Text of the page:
If any aspect of Alaska embodies the image of the “last frontier,” it’s the state’s animal kingdom. For millennia, Native Alaskan hunters, with their small-scale weapons and limited needs, had little impact on wildlife populations. Eskimo and Aleut villages subsisted comfortably on fish, small mammals, and one or two whales per year; the interior Athabascan bands did well on a handful of moose and caribou.
This all changed in the mid-1700s with the coming of the Russians and Americans. Sea otters, fur seals, and gray whales were quickly hunted to the verge of extinction. By the 1850s the Alaskan musk ox had been annihilated. Wolves, in part because they preyed on the same game as humans, were ruthlessly hunted.
Conservation measures have nurtured their numbers, and today Alaska boasts one of the largest concentrations of animal populations remaining on earth. For example, there are nearly twice as many caribou in Alaska as there are people. There’s a moose and a Sitka black-tailed deer for every three people. If 80,000 sheep strikes you as an impressive number, consider 40,000 grizzly bears. Bald and golden eagles are commonplace, and while the magnificent trumpeter swan was believed near extinction in the Lower 48, it was thriving in Alaska.
Marine mammals, from orcas to the recovering otters, are common (though they have recently experienced major declines in the Aleutians and western Alaska), and Alaskan waters also contain fish and other sea creatures in unimaginable quantities.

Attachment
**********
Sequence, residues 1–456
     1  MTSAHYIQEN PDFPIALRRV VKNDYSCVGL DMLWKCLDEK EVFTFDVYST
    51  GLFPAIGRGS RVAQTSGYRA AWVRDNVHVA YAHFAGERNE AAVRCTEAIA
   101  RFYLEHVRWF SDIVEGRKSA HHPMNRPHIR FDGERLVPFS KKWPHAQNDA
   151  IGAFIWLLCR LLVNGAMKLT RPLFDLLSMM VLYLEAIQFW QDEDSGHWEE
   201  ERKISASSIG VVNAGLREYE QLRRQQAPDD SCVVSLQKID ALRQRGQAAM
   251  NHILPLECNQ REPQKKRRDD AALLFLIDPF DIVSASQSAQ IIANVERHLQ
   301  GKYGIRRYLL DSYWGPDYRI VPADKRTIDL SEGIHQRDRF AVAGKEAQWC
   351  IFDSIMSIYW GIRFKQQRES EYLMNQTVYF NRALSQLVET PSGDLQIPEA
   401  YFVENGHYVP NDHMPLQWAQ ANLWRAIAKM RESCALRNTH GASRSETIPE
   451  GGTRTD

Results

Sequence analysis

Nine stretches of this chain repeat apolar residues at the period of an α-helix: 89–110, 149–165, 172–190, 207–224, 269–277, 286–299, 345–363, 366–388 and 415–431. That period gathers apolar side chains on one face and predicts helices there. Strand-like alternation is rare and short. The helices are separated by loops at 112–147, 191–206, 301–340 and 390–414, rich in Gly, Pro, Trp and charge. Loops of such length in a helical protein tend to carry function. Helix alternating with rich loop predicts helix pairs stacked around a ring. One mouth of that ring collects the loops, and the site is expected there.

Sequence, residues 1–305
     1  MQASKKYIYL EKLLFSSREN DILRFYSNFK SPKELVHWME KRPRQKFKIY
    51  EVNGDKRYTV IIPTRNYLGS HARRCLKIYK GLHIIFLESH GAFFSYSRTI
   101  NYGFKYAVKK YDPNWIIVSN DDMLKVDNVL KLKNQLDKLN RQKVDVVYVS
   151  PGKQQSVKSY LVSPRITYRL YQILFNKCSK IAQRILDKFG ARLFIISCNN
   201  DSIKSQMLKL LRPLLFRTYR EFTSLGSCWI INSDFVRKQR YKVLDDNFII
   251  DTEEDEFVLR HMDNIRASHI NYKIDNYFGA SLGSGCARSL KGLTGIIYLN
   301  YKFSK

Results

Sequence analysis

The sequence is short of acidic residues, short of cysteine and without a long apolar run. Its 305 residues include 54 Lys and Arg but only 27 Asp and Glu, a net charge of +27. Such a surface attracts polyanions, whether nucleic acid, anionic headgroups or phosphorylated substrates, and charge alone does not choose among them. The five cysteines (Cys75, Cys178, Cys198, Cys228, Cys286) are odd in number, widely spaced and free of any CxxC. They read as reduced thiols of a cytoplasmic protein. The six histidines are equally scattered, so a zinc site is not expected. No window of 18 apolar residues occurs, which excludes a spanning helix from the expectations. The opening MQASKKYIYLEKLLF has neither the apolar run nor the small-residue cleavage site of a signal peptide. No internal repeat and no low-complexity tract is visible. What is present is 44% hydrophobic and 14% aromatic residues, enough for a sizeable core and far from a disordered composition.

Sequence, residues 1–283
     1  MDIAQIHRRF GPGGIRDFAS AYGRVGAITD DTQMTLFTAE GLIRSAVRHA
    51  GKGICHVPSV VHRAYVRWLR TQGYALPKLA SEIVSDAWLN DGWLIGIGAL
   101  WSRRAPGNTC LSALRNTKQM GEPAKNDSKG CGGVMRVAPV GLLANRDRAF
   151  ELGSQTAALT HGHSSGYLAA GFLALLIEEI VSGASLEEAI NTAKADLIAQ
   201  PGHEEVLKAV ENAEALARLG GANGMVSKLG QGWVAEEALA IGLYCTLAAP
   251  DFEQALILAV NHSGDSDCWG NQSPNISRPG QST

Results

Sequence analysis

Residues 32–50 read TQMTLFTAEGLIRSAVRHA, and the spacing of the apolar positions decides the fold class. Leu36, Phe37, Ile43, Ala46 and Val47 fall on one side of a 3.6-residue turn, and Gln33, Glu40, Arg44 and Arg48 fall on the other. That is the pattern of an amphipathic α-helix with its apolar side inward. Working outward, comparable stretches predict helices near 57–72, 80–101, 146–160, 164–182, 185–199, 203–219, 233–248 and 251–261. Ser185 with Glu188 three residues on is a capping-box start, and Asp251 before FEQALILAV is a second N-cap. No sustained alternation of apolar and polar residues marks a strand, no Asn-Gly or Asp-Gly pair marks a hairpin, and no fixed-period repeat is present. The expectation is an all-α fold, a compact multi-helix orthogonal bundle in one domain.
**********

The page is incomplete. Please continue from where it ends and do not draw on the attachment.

Alaska’s wildlife is a major draw for both visitors and residents. The state’s vast stretches of wilderness contain abundant mammals, birds, and fish, including some of the largest and most magnificent animals in the world. Land mammals such as brown (grizzly) and black bears, caribou, moose, Dall sheep, wolves, and musk ox are the main attractions, but the state also has incomparable populations of birds, including such favorites as bald eagles, puffins, loons, and sandhill cranes. Marine mammals include seals, Steller sea lions, and sea otters, along with beluga whales, orca (killer) whales, humpback whales, gray whales, and others.
The Alaska Wildlife Viewing Guide, by Michelle Sydeman and Annabel Lund, is a useful introduction to finding wild animals. Visit the Alaska Department of Fish and Game’s website (www.wildlifeviewing.alaska.gov) for details on dozens of species of Alaskan animals in their “Wildlife Notebook” series, and for descriptions of places to see wildlife.
The state also produces regional wildlife viewing guides, along with excellent pamphlets covering various Alaskan towns and areas. Pick up copies in visitors centers around the state or find them on the website above.
In Alaska, wildlife may be encountered up close almost anywhere outdoors. Many animals are well prepared to defend their territories against intruders (you), and even the smallest can bite. Never attempt to feed or touch wildlife. It is seldom good for it, you, or those who follow. Any animal that appears unafraid or “tame” can be quite unpredictable, so keep your distance.
One thing you don’t have to worry about is snakes; there are none in Alaska. Surprisingly, however, there are frogs, even above the Arctic Circle.
© Don Pitcher from Moon Alaska, 10th Edition